The most necessary tool in a machine shop is a file. It is one of the neglected tools, because the ordinary boy, or workman, sees nothing in it but a strip or a bar with a lot of cross grooves and edges, and he concludes that the only thing necessary is to rub it across a piece of metal until he has worn it down sufficiently for the purpose.
The fact is, the file is so familiar a tool, that it breeds contempt, like many other things closely associated in life.
Give the boy an irregular block of metal, and tell him to file it up square, and he will begin to realize that there is something in the handling of a file that never before occurred to him.
He will find three things to astonish him:
First: That of dimensions.
Second: The difficulty of getting it square.
Third: The character of the surface when he has finished it.
To file a block of an irregular character so that the dimensions are accurate, is a good test for an accomplished workman. The job is made doubly difficult if he is required to file it square at the same time. It will be found, invariably, that the sides will not be parallel, and by the time it is fully trued up the piece will be too small. See Figs. 44 and 45.
Then, unless the utmost care is taken, the flat sides will not be flat, but rounded.
The next test is to get the boy to file a bar straight. He has no shaper or planer for the purpose, so that it must be done by hand. He will find himself lacking in two things: The edge of the bar will not be straight; nor will it be square with the side of the bar.
|Fig. 44. Rounded Surface||Fig. 45. A Winding Face|
Follow up this test by requiring him to file up a bar, first, with two exactly parallel sides, and absolutely straight, so it will pass smoothly between the legs of a pair of calipers, and then file the two other sides in like manner.
When the foregoing are completed there is still another requirement which, though it appears simple, is the supreme test. Set him to work at surfacing off a pair of disks or plates, say one and a half inches in diameter, so that when they are finished they will fit against each other perfectly flat.
A pair of such disks, if absolutely true, will hold together by the force of cohesion, even in a dry state, or they will, as it were, float against each other.
Prior to about 1850 the necessity of true surfacing was not so important or as well known as at the present time. About that period Sir J. Whitworth, an eminent English engineer and mechanic, called the attention of machinists to the great advantage arising from true surfaces and edges for all types of machinery, and he laid the foundation of the knowledge in accurating surfacing.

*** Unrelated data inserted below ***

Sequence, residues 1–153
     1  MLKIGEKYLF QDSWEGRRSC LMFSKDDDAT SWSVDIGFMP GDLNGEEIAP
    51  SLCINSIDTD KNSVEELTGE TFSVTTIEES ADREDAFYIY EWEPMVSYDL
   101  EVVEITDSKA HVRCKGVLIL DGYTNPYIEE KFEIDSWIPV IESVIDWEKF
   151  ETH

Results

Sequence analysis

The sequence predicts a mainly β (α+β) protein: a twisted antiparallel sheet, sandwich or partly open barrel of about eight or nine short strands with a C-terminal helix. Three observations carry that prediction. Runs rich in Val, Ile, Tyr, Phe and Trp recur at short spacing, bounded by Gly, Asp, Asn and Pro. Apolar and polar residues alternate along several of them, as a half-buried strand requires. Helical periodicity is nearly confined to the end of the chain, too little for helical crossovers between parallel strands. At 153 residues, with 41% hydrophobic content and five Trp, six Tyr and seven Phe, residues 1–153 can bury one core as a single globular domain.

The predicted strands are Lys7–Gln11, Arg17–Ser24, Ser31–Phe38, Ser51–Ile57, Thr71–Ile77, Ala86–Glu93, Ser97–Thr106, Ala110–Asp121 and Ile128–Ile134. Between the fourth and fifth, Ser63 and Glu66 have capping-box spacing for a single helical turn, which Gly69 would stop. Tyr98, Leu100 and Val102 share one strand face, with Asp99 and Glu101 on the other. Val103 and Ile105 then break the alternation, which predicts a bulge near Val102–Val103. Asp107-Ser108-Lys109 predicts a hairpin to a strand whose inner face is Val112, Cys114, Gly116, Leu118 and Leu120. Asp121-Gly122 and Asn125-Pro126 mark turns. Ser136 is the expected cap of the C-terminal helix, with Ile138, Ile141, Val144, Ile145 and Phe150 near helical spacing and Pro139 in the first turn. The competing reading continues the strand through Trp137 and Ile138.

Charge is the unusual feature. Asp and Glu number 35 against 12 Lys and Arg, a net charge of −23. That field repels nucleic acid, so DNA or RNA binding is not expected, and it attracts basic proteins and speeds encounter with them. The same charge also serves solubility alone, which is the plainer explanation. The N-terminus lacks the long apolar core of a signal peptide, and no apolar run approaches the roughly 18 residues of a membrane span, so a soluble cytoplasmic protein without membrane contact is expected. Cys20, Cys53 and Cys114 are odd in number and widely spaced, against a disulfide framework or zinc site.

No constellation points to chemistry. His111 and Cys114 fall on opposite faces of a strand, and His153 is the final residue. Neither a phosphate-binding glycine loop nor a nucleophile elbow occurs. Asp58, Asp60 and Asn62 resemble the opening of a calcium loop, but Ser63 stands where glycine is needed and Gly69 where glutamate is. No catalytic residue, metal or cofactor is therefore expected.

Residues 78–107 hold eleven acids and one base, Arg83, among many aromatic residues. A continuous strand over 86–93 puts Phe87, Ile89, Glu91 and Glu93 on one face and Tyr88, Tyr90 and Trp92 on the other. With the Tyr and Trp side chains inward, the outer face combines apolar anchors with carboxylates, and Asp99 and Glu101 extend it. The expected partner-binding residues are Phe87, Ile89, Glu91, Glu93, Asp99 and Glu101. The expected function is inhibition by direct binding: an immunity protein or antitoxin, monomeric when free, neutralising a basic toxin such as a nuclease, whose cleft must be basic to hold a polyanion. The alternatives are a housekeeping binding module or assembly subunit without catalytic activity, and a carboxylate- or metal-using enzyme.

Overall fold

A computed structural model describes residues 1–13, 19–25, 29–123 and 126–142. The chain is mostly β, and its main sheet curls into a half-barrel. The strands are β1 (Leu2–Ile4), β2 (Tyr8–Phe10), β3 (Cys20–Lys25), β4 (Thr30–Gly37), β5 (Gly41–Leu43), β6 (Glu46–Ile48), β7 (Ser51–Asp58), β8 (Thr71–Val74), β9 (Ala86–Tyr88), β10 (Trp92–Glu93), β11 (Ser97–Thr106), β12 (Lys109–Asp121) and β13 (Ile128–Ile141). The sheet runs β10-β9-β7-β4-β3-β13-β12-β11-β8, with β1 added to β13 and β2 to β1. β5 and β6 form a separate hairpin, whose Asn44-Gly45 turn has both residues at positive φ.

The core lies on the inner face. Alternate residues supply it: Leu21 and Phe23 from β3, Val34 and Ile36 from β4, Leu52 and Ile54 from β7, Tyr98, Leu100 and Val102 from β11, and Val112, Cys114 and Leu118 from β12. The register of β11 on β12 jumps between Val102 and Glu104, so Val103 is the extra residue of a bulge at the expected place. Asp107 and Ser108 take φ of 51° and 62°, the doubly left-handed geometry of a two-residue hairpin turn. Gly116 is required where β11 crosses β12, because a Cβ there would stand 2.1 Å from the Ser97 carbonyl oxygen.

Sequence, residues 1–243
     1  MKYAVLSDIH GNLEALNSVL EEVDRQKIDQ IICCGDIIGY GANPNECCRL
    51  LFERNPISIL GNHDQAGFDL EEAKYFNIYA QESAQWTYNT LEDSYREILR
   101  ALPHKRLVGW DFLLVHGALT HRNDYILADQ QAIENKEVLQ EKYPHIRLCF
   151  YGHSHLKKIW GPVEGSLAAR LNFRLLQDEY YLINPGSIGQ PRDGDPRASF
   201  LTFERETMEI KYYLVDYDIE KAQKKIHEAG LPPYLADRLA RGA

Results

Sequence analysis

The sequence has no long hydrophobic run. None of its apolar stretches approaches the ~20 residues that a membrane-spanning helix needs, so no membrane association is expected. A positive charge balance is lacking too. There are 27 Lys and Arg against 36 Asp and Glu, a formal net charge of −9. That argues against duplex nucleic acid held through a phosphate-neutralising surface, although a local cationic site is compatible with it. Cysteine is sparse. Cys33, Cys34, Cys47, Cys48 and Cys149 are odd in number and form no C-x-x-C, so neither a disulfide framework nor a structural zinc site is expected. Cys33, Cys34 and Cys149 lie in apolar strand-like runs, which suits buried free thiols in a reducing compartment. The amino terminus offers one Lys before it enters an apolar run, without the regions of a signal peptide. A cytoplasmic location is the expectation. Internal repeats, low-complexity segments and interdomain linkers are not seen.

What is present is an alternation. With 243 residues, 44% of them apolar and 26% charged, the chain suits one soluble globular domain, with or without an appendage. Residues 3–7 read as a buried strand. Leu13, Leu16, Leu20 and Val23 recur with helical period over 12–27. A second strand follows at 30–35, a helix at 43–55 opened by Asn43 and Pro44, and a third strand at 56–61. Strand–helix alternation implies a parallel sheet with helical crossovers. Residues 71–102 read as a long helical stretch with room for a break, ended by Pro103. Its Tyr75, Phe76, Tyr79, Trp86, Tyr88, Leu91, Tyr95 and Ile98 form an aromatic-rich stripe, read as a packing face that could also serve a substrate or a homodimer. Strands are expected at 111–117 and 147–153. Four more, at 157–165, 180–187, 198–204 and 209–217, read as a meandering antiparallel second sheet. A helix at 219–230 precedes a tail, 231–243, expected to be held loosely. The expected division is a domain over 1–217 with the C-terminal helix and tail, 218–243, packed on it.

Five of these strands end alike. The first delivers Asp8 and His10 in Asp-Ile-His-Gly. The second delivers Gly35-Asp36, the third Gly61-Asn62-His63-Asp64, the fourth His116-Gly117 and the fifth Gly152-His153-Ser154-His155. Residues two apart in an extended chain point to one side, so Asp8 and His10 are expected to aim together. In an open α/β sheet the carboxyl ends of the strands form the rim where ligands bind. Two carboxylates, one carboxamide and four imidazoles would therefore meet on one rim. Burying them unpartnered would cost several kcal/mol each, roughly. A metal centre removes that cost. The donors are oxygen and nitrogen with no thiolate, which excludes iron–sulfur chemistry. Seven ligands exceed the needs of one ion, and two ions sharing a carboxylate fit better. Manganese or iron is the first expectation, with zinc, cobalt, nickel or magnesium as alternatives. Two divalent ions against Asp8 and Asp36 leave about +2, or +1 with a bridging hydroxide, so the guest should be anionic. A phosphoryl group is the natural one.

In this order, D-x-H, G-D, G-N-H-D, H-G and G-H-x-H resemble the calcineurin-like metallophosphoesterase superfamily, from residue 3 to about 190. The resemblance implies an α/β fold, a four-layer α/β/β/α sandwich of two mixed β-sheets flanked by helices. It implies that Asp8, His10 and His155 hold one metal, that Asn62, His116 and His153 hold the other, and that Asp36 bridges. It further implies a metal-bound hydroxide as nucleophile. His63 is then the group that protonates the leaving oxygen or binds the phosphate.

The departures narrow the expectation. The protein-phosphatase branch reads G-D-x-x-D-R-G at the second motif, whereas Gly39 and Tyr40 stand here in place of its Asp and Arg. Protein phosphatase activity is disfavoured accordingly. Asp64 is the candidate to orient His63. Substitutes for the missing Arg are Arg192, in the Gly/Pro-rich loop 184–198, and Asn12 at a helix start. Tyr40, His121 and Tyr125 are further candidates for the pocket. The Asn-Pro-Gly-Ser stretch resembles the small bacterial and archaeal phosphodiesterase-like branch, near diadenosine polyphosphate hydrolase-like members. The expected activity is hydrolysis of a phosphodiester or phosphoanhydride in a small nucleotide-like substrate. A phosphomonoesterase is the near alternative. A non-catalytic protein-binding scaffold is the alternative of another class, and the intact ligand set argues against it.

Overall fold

Due to his energy many precision tools were made, all tending to this end, and as a result machines became better and more efficient in every way.
It had this great advantage: It taught the workman of his day how to use the file and scraper, because both must be used conjunctively to make an absolutely flat plate.
Contrary to general beliefs, shapers and planers do not make absolutely accurate surfaces. The test of this is to put together two plates so planed off. There is just enough unevenness to permit air to get between the plates. If they were perfectly true they would exclude all air, and it would be a difficult matter to draw them apart.
To make them perfectly flat, one plate has chalk rubbed over it, and the two plates are then rubbed together. This will quickly show where the high spots are, and the file and scraper are then used to cut away the metal.
|Fig. 46. Hexagon Nut||Fig. 47. Hexagon Nut|
In England the test of the mechanic used to be determined by his ability to file a piece of metal flat. It was regarded as the highest art. This is not the most desirable test at the present time, and it is recognized that a much severer test is to file a narrow piece exactly flat, and so that it will not have a trace of roundness, and be square from end to end.
In a shop which does not have the advantage of a planer or shaper, there are so many articles which must be filed up, that it is interesting to know something of how the various articles are made with a file.
To file a hexagon, or six-sided nut will be a good test with a file. To do this a little study in geometrical lines will save a vast amount of time. In beginning the work, measure the radius with a divider, and then step off and make six marks equidistant from each other on the round surface.Fig. 48. Cutting Key-way
The distance between each of these points is equal to the radius, or half the diameter, of the round bar. See Fig. 46, which shows this. The marks should be scribed across the surface, as shown in Fig. 47, where the lines show the ends of the facets of the outside of the nut.
Do not let the file obliterate the lines at the rough cutting, but leave enough material so you can make a good finish at the line.
Another job you may have frequent occasion to perform, is to cut a way for a key in a shaft and in a wheel hub. Naturally, this will be first roughed out with a cold chisel narrower than the key is to be, and also slightly shallower than the dimensions of the key.
A flat file should be used for the purpose, first a heavy rough one, for the first cutting. The better way is to have the key so it can be frequently tried while the filing process is going on, so that to fit the key in this way is a comparatively easy task.